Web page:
Posted by Bruce Kahl on February 17, 2004
In Reply to: Picked their nuts for a season posted by ESC on February 17, 2004
: : : : Does anyone know the meaning of the following expression used in Harriet Beecher Stowe's Uncle Tom's Cabin:
: : : : "Well", said Haley, after they had both silently picked their nuts for a season, "what do you say?"
: : : : Haley was negotiating for the sale of Tom. Even in context I cannot attach a meaning to this phrase. Thanks for any thoughts.
: : : People used to store up food for winter. Placing potatoes in bins in the cellar, etc. Maybe that's what they were doing with the nuts -- gathering enough for a season.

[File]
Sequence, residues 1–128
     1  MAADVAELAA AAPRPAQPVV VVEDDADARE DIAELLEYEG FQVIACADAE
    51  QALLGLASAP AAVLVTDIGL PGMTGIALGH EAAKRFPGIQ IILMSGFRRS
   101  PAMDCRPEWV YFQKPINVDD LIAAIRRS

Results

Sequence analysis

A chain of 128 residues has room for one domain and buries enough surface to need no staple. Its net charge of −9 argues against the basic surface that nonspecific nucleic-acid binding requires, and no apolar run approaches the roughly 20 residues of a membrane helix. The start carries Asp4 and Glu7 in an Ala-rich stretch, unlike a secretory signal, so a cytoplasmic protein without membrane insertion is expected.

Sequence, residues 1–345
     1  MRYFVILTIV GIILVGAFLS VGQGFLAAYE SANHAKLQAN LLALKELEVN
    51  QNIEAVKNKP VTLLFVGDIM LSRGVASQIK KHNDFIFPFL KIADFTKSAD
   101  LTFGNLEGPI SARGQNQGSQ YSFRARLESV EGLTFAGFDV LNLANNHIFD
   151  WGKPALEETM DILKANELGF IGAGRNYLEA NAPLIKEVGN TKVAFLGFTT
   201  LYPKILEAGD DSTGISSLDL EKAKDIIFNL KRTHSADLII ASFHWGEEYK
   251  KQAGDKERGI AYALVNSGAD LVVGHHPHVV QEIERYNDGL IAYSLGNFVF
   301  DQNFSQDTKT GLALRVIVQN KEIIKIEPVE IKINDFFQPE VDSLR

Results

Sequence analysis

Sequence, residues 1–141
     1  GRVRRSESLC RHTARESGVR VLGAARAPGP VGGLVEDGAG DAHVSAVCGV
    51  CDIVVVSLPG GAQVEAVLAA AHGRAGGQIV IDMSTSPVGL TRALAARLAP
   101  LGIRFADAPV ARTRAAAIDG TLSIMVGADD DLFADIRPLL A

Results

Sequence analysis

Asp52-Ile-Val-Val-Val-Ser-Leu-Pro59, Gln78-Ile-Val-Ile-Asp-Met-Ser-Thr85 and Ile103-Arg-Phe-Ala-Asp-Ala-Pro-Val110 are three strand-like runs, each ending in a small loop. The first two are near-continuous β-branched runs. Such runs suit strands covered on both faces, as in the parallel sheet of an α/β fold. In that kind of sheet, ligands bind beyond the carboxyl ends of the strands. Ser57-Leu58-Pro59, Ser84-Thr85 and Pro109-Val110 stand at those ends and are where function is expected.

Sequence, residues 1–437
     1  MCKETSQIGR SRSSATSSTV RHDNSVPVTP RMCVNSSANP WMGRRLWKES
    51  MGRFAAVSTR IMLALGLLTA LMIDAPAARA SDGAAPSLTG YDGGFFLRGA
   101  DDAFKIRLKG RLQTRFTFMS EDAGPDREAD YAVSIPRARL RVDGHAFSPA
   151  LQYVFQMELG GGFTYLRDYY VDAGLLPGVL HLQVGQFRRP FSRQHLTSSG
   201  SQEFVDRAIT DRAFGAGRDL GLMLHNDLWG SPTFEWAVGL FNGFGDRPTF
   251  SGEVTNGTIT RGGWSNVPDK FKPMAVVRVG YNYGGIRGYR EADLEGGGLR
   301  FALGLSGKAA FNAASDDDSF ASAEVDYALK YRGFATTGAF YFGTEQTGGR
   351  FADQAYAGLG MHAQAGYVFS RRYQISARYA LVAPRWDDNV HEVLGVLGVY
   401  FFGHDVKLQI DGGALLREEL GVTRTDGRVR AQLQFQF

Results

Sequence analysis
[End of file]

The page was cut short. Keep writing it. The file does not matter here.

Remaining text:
: : No, it just doesn't fit. As I said, they are negotiating the sale of Uncle Tom. Haley (slave trader) and Mr. Shelby (owns Uncle Tom) have just had a discussion on treatment of slaves (on opposite sides) Haley has made an offer to Mr. Shelby for Tom, they have the discussion, then they "silently picked their nuts" and Mr. Shelby closes the discussion with he will think over Haley's offer. Am I being dense that I can't place this in context?
: Could it mean "thought their thoughts"? Nut = head. As in, off your nut. I'll look and see if I can find any expression like that. What we need is an annotated "Uncle Tom's Cabin."
Below is a link to a very authoritative site at the U of Va. about Uncle Tom's Cabin.
Maybe you can find your answer there.